Personalized Products and their Impact on Supply Chain Design

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Experts from research and business alike argue that within the last decades consumers have grown to be a more demanding factor for supply chain management. At the same time manufacturing and supply chain strategies adapted to this development (from lean to agile, see Christopher and Towill, 2000).

But how are customer demands going to develop? Are we already seeing the decentralized manufacturing world, where everybody uses his own 3D printer to produce individual products on their desks? Probably not yet.

But at least for some industries product personalization is one big issues these days. Poulin et al. 2006 analyzes what options companies have to personalize products for their customers and shows the possible effects on supply chain design.


From the literature the authors summarize their framework for product personalization. It consists of the following eight options:

Personalization OptionCharacteristics
PopularizingLimited number of product to match a wide variety of customer needs, for those who want off-the-shelf products. Focus on evolving the popular product mix in line ith evolving customer needs
VarietizingExtensive mix of products to satisfy almost all customer needs. Retailers pick those they want to offer off-the-shelf and rely on quick delivery from the distribution network for fast delivery of the others
AccessorizingA limited set of core products matched with a wide array of accessories. Final assembly of accessorized products performed to order either by the user, the retailer or a fulfillment center
ParameteringCustomer defines the desired product through the setting of parameters and the selection of options. He is guided through the specification process. Manufacturing is strictly to order
TailoringProduct designed/engineered to customer needs. The customer is closely involved in the product realization process
AdjustingProduct adjusted to customer needs after usage. Distributed information systems capture customer feedback
MonitoringProduct is replaced by more adequate product as the customer needs evolve, ensuring continually a best-fit product. This involves regular and interactive customer feedback
CollaboratingClient is viewed as a collaborator with an open dialog. Expert field systems interact with clients, seeking to continually optimize client return
Poulin et al., 2006


To gain insights on the effects on supply chain design the authors conduct a case study in the golf iron industry, where already now a high product variety is a standard. They build a systems model of the industry to improve understanding of the relevant factors and different clients.

After that they describe the deployment of each of the above mentioned personalization options within the industry. For example:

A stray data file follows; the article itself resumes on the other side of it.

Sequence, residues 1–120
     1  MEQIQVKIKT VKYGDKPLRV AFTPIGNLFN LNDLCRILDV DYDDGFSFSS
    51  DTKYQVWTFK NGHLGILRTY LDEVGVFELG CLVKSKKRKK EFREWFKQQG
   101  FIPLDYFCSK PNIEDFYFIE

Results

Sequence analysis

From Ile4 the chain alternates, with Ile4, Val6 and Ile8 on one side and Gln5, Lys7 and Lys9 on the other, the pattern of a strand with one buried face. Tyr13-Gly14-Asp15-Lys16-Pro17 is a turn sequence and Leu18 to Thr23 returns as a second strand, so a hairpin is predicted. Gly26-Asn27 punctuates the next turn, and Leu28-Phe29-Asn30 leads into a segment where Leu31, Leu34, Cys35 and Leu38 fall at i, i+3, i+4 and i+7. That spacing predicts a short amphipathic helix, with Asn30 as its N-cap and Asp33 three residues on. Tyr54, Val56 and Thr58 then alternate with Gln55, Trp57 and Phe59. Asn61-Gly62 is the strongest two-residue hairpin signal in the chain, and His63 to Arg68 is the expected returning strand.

• Golf clubs can be parameterized using different coloring
  • the tailoring option would be used if a customer asks for a different weight distribution in the cavity of an iron head to correct specific, personal miss-hits.
  • Adjustments would involve the post sale process, where the iron is adjusted to specific needs

Effects on Design

In the following table the effects on supply chain design are listed.

Supply Chain Design under the Impact of Personalization Options
Table 2: Impact of Personalization Options on Demand and Supply Network Processes (click to enlarge, Poulin et al., 2006)

The authors then visualize the effects of the customer involvement and differing decoupling points within the supply chain, effectively generating multiple supply chains for the different customer demands (see figure 1).

Decoupling Strategies for Personalized Products
Figure 1: Point of Customer Involvement and Decoupling Point of Personalized Offers (click to enlarge, Poulin et al., 2006)


Personalized products are going to be the order winners of the future. The supply chain design has to adapt to these challenges and Poulin et al. gives a good start to change the supply chain accordingly.


Poulin, M., Montreuil, B., & Martel, A. (2006). Implications of personalization offers on demand and supply network design: A case from the golf club industry European Journal of Operational Research, 169 (3), 996-1009 DOI: 10.1016/j.ejor.2005.02.005

Christopher, M., & Towill, D. (2000). Supply chain migration from lean and functional to agile and customised Supply Chain Management: An International Journal, 5 (4), 206-213 DOI: 10.1108/13598540010347334

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